Gold medal for the quirkiest tale goes to...
Posted: Monday August 30, 2004 10:24PM; Updated: Monday August 30, 2004 10:24PM
ATHENS, Aug 30 (Reuters) -- Lay Down Sally. Romeo and Juliet. Russian Roulette. Miracle births.
From farce to tragedy, the Olympics are sporting theatre and Athens 2004 offered the perfect stage for a huge variety of plots and leading characters.
Australian rower Sally Robbins is one person who cannot wait for the curtain to fall on the greatest sporting show on earth.
Robbins, who quit pulling with her crew in sight of an Olympic medal, was dubbed "Lay Down Sally" after her infuriated team mates threatened to chuck her out of the boat.
In sharp contrast, compatriot Grant Hackett can lay claim to an Aussie baby-boom when he swims in the marathon 1500 metres.
"It's really quite bizarre but apparently when I swim the 1500 at this level, I can conceive babies for people," Hackett said after receiving e-mails from grateful women who got pregnant watching his races.
"I suppose they're lucky I'm not a sprinter because that's all over in a minute."
The Olympic dreams of top Latvian athletics coach Gints Bititis ended even before he reached Athens when he was thrown off a plane for being drunk and stripped of his accreditation.
On their way home, New Zealand's Olympic champions will have to watch out for zealous agriculture officers. The olive wreaths they were given for winning medals could go up in smoke as they are considered "a biosecurity risk."
New Zealand eventing rider Heelan Tompkins awarded herself the Olympic gold for embarrassment after chatting away to someone sat next to her in the athletes' village.
"I said like 'What's your name?" and he says 'Oh, Roger' and I go 'What do you do?' and he says 'I play tennis.' And I was like 'Oh My god, Roger Federer' and I was thinking I hope I didn't say that out loud."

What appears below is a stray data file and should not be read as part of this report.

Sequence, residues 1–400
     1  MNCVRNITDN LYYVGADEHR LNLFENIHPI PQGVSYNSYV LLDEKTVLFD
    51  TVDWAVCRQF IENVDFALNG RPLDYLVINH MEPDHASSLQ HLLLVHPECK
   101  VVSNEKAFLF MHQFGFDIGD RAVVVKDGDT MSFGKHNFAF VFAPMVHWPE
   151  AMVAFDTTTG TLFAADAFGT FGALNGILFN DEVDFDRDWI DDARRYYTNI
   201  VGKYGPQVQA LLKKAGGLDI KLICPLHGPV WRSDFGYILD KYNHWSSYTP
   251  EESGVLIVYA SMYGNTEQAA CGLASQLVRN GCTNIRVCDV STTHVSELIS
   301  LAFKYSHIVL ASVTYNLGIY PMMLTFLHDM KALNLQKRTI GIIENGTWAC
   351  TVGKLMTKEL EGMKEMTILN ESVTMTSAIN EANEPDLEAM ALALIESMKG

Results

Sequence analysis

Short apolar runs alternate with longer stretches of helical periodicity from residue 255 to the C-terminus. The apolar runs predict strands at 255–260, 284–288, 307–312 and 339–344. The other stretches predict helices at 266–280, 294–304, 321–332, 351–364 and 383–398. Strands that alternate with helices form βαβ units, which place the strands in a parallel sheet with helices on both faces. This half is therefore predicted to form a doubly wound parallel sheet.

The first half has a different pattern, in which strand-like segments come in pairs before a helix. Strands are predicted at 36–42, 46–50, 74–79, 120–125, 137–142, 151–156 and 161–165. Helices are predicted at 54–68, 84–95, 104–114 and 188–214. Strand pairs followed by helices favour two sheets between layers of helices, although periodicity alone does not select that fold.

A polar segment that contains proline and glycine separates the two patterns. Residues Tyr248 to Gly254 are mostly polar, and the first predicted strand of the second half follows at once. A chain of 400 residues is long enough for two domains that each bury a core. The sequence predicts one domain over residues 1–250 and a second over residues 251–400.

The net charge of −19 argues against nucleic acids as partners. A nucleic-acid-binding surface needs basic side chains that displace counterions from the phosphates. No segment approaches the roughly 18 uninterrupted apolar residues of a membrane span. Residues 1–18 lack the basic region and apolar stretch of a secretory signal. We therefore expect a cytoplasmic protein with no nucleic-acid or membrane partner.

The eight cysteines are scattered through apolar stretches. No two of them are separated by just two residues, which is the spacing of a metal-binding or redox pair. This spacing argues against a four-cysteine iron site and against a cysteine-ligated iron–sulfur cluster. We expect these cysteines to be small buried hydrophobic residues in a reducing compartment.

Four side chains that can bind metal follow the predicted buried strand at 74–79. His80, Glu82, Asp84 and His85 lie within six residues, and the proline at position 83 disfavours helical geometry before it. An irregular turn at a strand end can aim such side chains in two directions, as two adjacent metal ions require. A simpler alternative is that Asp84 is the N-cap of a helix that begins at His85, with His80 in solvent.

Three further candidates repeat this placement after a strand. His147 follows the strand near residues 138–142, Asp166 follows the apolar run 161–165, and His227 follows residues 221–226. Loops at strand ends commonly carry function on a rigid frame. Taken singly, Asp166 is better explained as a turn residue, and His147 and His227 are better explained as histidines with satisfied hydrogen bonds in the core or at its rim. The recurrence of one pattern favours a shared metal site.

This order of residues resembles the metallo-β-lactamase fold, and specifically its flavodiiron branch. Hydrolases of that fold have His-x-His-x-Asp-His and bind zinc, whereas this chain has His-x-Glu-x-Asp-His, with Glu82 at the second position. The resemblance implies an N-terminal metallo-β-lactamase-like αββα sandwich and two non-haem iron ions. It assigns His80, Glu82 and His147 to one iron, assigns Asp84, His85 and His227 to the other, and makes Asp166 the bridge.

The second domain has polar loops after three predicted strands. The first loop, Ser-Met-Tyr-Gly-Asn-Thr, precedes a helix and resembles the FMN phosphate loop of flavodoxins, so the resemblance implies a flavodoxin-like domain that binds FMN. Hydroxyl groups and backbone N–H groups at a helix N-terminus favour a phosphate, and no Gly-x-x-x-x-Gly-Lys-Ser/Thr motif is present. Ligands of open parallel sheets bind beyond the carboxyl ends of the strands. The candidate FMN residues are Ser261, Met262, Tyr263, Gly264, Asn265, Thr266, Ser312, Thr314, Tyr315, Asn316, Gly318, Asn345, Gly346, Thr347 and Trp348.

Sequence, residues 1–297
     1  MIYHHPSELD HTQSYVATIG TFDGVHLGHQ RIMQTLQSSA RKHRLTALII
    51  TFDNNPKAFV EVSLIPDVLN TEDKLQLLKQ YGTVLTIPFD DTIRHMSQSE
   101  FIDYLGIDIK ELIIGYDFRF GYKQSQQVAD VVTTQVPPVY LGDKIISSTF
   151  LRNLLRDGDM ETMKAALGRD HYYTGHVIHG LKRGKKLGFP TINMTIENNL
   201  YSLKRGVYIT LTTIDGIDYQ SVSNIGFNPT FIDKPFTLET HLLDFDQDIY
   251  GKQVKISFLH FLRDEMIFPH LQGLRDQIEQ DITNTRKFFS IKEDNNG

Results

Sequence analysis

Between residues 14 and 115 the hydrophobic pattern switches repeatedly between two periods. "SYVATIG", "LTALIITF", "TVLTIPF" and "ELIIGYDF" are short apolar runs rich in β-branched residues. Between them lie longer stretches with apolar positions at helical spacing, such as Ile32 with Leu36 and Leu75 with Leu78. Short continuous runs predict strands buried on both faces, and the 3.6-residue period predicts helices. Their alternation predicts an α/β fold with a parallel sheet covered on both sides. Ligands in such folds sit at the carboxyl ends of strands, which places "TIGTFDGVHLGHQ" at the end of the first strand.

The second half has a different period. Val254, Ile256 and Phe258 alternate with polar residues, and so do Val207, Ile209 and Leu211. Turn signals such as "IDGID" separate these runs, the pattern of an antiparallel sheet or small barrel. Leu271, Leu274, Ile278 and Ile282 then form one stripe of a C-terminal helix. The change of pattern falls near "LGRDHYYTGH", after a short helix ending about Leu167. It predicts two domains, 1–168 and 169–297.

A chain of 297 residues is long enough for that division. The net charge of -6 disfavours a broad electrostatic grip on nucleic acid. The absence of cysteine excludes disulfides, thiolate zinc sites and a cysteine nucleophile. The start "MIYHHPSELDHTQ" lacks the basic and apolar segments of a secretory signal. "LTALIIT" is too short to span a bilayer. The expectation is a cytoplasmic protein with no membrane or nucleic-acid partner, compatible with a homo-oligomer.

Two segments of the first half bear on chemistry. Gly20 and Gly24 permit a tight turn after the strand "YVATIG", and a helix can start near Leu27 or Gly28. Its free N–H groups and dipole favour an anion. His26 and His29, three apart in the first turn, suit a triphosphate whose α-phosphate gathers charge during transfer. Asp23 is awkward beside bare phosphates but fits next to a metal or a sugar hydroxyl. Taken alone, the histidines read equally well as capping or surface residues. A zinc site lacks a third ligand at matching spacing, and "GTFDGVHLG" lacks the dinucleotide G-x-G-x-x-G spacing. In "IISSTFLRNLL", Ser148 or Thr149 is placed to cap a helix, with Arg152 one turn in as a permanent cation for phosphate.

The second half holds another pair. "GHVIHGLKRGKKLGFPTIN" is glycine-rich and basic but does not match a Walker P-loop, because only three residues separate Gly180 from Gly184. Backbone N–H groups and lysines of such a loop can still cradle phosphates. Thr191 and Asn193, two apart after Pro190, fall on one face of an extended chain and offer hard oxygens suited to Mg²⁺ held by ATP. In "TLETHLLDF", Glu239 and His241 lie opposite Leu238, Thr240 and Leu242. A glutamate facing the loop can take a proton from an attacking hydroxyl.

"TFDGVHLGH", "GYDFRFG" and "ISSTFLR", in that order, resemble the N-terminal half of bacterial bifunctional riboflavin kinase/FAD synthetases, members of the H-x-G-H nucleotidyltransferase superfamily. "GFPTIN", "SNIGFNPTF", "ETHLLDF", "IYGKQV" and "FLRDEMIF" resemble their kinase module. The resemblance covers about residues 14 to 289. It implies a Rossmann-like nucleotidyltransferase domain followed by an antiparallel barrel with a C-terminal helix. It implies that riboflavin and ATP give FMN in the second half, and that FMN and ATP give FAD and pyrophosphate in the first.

Athens taxi drivers have an appalling reputation for being crooked. Yannis Zavos put the record straight.
He had his 15 minutes of fame for returning an Olympic medal to a Dutch rower who left it in his cab. Zavos admitted trying it on for size first "but the wife started teasing me."
But there was tragedy too amid all the farce.
In a "Romeo and Juliet" tale of doomed love, Greek judoka Eleni Ioannou died after jumping off a balcony. The incident followed a row with her boyfriend hours before going into the athletes' village.
He jumped off the same balcony two days later after blaming himself for her leap. He is still in intensive care.
A Greek soldier guarding an Olympic facility in Athens was shot dead after apparently playing a game of Russian roulette with a policeman that went horribly wrong.
The Olympics were a Tower of Babel with a record 202 nations competing. Little wonder that so much gets Lost in Translation.
When questions are posed in English, translated into Russian and answered in Greek before finally returning to their starting point, language inevitably gets tortured.
Russia's Yelena Isinbayeva was asked at a news conference after winning her pole vault gold whether she would spend some of her money on her famed shoe collection.
"Yes," came back the multi-translated answer, "I did do a bit of archery when I was young."
The question was asked again.
Isinbayeva giggled and looked lost. But her eyes lit up at the third and final attempt. "Ah yes, I understand," she smiled. "A yacht and a car."
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